However, this arrangement is not a comprehensive security lock on design. Users who know what they're doing can still open the backend, if they have access to it. Just bear in mind that splitting the database will minimize accidents — but it won't stop someone who's determined to get at your tables.

3: You can plan for the future

If there's any chance that your Access database will grow out of its skin, consider splitting the database. It's easier to upsize a split database to SQL Server (or some other larger relational database system) because you can easily link the existing front end to SQL Server tables. That way, the organization has the advantage of storing data in a larger database with most of the perks that come with doing so, while still using the Access front end. (Most Access front ends will require light to moderate conversion to view and manipulate SQL Server data.)

Many organizations stop there. However, a modified Access front end that's linked to SQL Server, can also buy you time. You can keep the Access front end in service while developing a more robust front end for the SQL Server data.

4: The user interface is easy to modify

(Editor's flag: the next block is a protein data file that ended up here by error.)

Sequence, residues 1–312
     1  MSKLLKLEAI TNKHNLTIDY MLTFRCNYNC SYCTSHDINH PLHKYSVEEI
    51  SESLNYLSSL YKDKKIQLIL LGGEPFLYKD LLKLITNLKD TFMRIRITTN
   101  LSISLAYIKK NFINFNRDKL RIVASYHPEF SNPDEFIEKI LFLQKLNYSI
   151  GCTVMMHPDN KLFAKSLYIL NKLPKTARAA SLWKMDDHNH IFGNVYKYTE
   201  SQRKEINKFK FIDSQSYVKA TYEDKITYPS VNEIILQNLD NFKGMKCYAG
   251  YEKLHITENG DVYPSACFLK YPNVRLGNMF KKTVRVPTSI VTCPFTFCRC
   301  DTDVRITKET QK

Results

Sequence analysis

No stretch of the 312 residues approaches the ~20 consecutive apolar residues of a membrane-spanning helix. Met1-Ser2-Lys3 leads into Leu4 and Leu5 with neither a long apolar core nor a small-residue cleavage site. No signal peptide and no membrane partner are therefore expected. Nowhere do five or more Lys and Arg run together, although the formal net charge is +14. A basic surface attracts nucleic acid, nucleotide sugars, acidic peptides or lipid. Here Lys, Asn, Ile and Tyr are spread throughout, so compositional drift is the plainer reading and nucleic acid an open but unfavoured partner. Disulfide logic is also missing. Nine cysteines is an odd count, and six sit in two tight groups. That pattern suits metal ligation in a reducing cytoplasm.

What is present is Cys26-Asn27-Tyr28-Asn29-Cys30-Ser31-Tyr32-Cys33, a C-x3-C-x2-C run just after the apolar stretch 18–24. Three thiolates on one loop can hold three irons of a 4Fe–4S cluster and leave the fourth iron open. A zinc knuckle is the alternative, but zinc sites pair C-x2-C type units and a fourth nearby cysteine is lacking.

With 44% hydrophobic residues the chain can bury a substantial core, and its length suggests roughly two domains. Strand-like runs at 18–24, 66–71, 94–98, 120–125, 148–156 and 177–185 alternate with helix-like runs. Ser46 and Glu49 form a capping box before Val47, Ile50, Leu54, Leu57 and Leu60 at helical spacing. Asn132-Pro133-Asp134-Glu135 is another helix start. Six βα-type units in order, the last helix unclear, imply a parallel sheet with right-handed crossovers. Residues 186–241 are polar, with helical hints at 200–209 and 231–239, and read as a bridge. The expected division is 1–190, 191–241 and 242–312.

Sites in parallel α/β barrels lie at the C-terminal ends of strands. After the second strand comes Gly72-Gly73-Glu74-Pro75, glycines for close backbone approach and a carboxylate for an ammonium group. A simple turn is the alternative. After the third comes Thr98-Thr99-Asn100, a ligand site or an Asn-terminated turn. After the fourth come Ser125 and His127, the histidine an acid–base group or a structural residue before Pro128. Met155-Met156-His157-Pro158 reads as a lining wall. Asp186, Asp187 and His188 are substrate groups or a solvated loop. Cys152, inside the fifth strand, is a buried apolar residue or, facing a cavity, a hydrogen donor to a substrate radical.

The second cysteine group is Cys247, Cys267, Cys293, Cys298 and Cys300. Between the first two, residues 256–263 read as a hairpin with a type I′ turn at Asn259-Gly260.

Most databases grow and change with the business; they require new features or modified business rules. Changes to existing tables are rare, if you properly normalized them early on. Most changes will be in the front end in the form of new or modified forms and reports.

As long as your database is split, testing and implementing changes to the front end can occur with little or no disruption to users. You simply link the development front end to the production backend and test away. This won't always be the case, of course, but testing new interface objects is easier in a split database configuration.

5: You can use a shared security model

Access 2003 and earlier have a workgroup security model that's pretty good. It's easy to understand and implement and does a decent job of protecting schema and data. If you split a database, security isn't a problem. That's because the linked tables in the front end will adopt the same workgroup security rules applied to the backend.